Pentecost 6 – July 1, 2018

“Generosity” – 2 Corinthians 8:1-9, 13-15

Pentecost 6 – July 1, 2018

Introduction – Karma?
Do you believe in karma? Do you know what karma is? It’s kind of defined as, “What happens to a
person happens because they caused it with their actions.” Our western way of saying it is, “what
goes around comes around.” Karma seems a bit superstitious and destiny driven – you do good to
others, and good will be done to you; you harm others, and it will come back to bite you! Is that your
understanding of the way things happen, and why things happen? Is that your motto?
It almost seems like Paul is talking karma language in 2 Corinthians 8:14 – “At the present time your
plenty will supply what they need, so that in turn their plenty will supply what you need.” You do
good, and good will be done to you. Karma is an important part of many religions such as
Sikhism, Hinduism and Buddhism. But karma isn’t part of our Christian faith at all.
You see, v. 14 is spoken / written with intentionality: you supply their need, you be generous, on
purpose, with love AND when you are the one in need, that love and generosity and care will be
splashed on you with the same deliberateness and compassion. No destiny, no fate, no luck involved.
Just real care for genuine reasons.
1. Context of 2 Corinthians 8
Let’s consider the context of this chapter and the reason Paul wrote those words. Paul is writing in
response to a great famine that took place in 41 A.D., during the reign of Roman Emperor Claudius.
It seemed to have hit hard especially in Judea, and around Jerusalem, and the brothers and sisters –
that is, the fellow Christians – were suffering and distressed and hungry in that famine-stricken area.
In this chapter, Paul is commending the generosity of the Macedonian churches. Those would be the
ones in northern Greece – Philippi and Thessalonica. In comparison, the churches in Central Greece
– like the Corinthians – were not quite as generous. They didn’t give so freely from their plenty to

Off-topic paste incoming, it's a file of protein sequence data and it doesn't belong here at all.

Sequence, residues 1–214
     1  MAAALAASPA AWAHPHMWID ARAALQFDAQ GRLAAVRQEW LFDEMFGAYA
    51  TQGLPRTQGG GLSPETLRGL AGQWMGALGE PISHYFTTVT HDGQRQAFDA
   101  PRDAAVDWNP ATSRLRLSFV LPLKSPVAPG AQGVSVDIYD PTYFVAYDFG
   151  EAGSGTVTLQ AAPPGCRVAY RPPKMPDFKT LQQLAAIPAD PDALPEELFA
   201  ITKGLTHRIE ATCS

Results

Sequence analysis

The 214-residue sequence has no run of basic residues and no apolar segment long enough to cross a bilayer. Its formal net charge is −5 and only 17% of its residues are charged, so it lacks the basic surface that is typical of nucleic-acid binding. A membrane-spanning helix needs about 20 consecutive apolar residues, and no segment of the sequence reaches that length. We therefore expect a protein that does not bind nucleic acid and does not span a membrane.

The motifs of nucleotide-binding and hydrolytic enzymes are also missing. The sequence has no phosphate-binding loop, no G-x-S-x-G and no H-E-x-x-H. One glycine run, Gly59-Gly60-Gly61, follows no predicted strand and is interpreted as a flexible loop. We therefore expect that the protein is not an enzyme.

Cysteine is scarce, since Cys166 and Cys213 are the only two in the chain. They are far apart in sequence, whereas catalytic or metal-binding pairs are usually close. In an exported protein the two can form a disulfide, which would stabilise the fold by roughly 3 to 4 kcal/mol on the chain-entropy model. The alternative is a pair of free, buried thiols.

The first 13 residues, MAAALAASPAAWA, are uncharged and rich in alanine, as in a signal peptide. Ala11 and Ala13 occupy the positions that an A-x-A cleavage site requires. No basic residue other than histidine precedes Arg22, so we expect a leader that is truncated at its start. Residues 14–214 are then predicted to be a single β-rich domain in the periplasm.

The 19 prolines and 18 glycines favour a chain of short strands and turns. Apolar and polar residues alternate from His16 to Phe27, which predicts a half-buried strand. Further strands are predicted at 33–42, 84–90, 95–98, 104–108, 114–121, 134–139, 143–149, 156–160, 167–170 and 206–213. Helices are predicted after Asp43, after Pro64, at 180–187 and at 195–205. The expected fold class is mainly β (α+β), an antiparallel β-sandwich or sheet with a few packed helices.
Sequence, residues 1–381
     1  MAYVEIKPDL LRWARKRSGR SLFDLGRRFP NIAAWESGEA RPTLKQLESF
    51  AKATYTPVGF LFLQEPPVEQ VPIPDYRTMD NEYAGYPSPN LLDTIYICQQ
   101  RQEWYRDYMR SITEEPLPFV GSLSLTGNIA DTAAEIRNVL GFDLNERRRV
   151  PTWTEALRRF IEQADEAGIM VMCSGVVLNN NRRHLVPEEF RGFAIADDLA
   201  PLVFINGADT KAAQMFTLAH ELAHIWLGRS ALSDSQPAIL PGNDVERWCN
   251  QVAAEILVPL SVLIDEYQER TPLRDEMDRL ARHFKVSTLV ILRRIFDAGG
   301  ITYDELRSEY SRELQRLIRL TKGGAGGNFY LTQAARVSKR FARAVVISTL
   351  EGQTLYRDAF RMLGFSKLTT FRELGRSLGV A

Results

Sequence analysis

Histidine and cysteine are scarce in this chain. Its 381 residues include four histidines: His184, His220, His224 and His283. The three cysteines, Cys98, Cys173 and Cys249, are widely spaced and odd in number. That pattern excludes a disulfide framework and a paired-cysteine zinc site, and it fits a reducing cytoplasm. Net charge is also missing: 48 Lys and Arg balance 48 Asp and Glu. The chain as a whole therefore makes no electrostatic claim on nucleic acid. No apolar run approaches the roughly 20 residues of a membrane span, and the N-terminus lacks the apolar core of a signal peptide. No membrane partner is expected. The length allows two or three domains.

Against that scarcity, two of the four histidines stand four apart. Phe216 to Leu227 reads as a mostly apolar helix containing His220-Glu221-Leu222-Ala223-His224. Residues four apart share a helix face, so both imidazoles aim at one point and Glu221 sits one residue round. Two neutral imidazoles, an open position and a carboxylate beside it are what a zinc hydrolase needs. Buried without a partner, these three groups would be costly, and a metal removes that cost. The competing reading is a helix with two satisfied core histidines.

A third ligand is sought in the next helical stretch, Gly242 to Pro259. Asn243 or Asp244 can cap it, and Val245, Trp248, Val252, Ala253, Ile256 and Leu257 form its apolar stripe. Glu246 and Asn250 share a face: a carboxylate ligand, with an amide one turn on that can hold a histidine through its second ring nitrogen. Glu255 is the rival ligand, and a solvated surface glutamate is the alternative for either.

the Christians in need.
So, Paul is pointing to the example of the Macedonians and encouraging the Corinthians to be just as
2. Unpacking the example
Let’s unpack some of the phrases that Paul uses to describe the generosity of the Macedonians.
“in a severe test of affliction”
When the Macedonians demonstrated their generosity, they actually had their own problems. It
wasn’t like they were on top of the world, like the stock market was up, or like they struck oil or
gold. No, they were experiencing their own persecutions and problems. But even in those
circumstances and at that time, they were willing to give.
“their abundance of joy and their extreme poverty overflowed in a wealth of generosity”

Who would think of that as a math equation? Joy + poverty = generosity? Anything plus poverty
usually does not equal generosity. When you’re poor there is generally nothing to give. However,
generosity is not so much about the quantity of the gift given as the attitude with which it is given.
Jesus, Himself, made an example of a poor widow who put two small copper coins into the temple
offering box. He said that she had been more generous than those who had given from their
abundance. She must have had joy in her giving. Her heart was “all in” the gift that she was giving.
In chapter 9, Paul would write that God loves a cheerful giver. (Oh, and the Greek word for
‘cheerful’ is ‘hilaron’ – the root for our English word ‘hilarious.’) That’s joy. Would Paul have
written “give until you laugh”?